Tuesday, March 17, 2009

Reflections on teh RaceFail

My somewhat entirely selfish observation about the whole "RaceFail '09" debacle is this:

I'm really glad I attended Viable Paradise last year, because this year's class experience is sure to be tainted--if not completely eclipsed--by this stupid thing. (Lucky XIII, indeed.)

Aside: I didn't even know about any of this until I caught up with my VPXII classmate Alberto's LiveJournal. Yes, I am a grumpy old man.

John Scalzi called it "discussion of [x]," and I agree. This particular thread has gone way, way off the rails and off-topic. A few cooler heads, including Scalzi and friends, have attempted to wrestle the conversation back to the subject of race, but the damage has been done, and any good that comes out of it at this point has come at an enormous and unnecessary cost.

This is all I have to say about [x]:

Issues of race (and, by extension, racism) are deeply personal, for people of any heritage. When you choose to make those issues public, well, thank you for sharing, but please be aware of what you're getting into.

You can't write and perform The Vagina Monologues without eventually becoming an activist. You can't write The Absolutely True Diary of a Part-Time Indian without tapping into centuries of American history.

That's political. And politics is all about power and diplomacy. Unfortunately, on the Internet, both those dimensions are collapsed into a single channel--text--and sometimes, words alone aren't enough. You can't end a war with an aphorism.

And now for something completely different relevant:


But seriously, folks:


You are not the work. This is something pro writers say, a lot, when advising baby writers. It means that you have to learn to accept criticism of your work by understanding that "this story sucks" is a fundamentally different statement than "you suck."

The line is much finer when it comes to blogs and comments thereupon. What you say is not who you are, but it is all that people see here. Your words are your actions in this space, and actions have consequences.

(My final remark below is not directed toward any particular person. I offer it as a general guideline for all.)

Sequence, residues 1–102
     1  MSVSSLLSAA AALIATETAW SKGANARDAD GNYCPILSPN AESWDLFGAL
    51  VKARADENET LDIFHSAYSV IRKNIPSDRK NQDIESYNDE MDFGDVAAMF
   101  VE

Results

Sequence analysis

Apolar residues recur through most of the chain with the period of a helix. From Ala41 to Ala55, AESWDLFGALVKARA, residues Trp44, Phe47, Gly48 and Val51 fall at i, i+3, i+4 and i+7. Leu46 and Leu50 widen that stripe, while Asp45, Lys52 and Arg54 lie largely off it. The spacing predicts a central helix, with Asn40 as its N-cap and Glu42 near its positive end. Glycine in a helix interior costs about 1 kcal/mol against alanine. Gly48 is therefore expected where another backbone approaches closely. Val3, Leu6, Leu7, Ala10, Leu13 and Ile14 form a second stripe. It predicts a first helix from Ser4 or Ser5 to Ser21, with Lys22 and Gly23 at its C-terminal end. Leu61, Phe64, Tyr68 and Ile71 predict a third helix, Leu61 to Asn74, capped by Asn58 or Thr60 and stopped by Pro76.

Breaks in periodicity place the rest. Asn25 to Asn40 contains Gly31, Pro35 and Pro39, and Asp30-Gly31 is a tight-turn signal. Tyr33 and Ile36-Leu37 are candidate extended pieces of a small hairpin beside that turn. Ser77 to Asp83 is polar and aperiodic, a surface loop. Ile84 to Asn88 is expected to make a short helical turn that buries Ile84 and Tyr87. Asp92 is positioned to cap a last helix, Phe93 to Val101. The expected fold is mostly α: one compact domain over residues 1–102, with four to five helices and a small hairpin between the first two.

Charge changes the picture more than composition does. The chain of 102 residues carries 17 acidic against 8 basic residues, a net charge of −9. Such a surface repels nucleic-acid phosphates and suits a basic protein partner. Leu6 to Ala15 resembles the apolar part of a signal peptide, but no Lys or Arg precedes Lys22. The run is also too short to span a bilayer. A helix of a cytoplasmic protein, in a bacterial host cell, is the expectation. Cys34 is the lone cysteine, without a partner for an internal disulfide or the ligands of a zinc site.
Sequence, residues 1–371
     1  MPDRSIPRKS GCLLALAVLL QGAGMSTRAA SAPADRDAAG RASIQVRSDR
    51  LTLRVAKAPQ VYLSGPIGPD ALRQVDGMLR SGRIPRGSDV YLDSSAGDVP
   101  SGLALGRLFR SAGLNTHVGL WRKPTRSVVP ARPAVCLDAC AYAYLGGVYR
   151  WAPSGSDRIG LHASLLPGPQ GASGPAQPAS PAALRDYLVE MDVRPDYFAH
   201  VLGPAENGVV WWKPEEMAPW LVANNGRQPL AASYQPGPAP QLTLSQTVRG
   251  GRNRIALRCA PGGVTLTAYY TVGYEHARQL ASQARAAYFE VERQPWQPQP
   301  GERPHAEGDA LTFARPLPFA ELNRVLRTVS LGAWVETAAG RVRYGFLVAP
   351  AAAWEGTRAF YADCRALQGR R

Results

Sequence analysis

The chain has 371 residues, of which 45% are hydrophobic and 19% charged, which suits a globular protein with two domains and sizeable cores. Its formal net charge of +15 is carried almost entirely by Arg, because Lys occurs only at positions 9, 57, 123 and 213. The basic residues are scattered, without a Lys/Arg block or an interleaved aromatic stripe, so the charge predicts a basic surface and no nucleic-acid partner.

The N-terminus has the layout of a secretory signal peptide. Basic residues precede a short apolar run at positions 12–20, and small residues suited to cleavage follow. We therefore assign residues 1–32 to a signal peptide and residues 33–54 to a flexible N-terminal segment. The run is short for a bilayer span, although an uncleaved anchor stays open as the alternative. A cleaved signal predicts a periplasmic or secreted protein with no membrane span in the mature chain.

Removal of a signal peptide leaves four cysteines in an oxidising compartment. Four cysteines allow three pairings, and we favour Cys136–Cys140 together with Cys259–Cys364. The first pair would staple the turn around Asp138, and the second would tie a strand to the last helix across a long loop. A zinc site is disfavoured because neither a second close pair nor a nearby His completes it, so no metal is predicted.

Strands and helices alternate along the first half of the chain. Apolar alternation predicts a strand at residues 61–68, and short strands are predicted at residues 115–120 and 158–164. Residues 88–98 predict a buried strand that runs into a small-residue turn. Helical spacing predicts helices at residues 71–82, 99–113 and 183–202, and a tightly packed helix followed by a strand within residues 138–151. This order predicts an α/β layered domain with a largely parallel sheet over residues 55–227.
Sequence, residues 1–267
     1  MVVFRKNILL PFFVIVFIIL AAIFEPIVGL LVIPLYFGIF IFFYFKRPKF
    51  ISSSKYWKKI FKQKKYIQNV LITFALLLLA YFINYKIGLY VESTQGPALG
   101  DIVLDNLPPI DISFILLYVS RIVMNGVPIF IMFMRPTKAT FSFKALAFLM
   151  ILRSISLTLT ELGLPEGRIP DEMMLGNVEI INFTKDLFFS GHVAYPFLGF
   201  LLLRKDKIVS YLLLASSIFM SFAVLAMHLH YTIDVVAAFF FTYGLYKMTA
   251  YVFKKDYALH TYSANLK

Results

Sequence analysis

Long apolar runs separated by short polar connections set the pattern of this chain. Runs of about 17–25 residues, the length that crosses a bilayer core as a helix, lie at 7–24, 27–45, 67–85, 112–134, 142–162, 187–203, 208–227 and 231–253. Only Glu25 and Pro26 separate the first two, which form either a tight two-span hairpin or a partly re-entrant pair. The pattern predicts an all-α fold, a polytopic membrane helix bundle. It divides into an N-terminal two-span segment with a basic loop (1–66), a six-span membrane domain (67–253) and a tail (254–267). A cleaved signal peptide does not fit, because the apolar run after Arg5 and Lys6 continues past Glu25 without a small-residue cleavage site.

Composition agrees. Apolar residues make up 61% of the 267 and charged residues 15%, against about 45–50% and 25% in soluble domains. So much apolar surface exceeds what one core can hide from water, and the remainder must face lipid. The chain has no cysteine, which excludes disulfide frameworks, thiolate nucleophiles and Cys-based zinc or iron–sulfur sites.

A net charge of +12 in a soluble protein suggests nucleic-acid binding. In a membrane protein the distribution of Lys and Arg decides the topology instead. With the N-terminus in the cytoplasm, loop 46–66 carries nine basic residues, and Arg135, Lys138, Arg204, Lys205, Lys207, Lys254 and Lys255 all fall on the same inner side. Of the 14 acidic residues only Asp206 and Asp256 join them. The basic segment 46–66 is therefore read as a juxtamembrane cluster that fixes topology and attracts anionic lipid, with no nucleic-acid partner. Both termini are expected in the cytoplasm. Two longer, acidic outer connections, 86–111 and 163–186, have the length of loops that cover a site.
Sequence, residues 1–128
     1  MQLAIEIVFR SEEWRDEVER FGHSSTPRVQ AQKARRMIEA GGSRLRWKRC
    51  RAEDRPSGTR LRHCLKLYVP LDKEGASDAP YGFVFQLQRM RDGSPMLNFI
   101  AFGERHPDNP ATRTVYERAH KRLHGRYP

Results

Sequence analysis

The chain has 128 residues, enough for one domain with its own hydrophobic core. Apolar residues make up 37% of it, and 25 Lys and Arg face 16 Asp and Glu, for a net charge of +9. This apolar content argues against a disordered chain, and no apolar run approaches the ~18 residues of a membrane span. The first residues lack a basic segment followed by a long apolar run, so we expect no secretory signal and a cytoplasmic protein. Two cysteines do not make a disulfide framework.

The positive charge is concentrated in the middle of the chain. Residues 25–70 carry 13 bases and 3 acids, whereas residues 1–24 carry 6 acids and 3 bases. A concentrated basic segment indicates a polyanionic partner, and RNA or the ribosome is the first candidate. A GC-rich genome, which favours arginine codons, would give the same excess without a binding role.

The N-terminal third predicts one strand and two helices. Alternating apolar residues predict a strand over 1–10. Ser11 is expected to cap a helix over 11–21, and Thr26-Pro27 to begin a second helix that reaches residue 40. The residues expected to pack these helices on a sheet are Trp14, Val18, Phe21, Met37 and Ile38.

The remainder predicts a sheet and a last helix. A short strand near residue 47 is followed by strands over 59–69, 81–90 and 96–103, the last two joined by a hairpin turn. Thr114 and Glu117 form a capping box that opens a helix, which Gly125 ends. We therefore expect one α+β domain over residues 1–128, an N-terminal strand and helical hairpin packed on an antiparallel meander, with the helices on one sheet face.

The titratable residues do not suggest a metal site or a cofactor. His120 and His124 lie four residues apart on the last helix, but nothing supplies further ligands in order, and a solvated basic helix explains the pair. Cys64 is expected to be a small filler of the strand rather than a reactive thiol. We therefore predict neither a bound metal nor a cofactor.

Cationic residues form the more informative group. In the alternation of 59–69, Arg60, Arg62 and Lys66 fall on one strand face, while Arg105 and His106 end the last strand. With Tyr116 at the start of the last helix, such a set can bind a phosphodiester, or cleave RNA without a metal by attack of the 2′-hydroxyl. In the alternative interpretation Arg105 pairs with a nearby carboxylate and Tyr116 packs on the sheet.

On the Internet, no one knows if you're a dog, but what other conclusion should they draw if all you do is bark?



Stephen said...

I apologize in advance for derailing your comments. I think the question of race is really important, and the guest posts Scalzi hosted on the topic went a long way toward pushing me to write some things I was afraid of.

That said, do you really think it's impossible to write and perform The Vagina Monologues without becoming an activist? I ask because Eve Ensler's transformation from artist to activist is a minor obsession of mine.

In my mind, there's nothing inherently activist about the work. It's a structurally interesting piece on its own, but no better or worse than a lot of other one-person-shows. I think it's actually the marketing of the play that's inherently activist, relying on built in controversy and celebrity performances to drive a larger agenda (and promote Ensler at the same time).

Which isn't to accuse her of cynical manipulation. I believe she's sincere, but the activism lends the play more weight than it might earn on its own.

CKL said...

No apology necessary. The comments are here for others to speak their minds, and maybe the conversation goes elsewhere. I'm okay with that.

Regarding activism:

Many good stories have been written which include vaginas. Many of those stories did not make said vagina(s) the focus of the narrative, or include the word "vagina" in the title of the story. Now, whether or not a particular story features a vagina is arguably not an accurate barometer of its quality, but calling attention to said vagina will affect how some people perceive said story, regardless of its content or quality.

You'd have to be pre-pubescent or socially inept not to understand that discussions of sex (and race) are freighted with millennia of tension, oppression, repression, and confusion. Eve Ensler was not operating in a vacuum when she created The Vagina Monologues, and she knew she was directly addressing the politics of the word "vagina." If nothing else, I'd argue that choosing the title she did is inherently activist.

But there's nothing wrong with that. I think she knew what she was doing, and more power to her. The world is a better place with vaginas than without. Talking vaginas, that is. You know what I mean.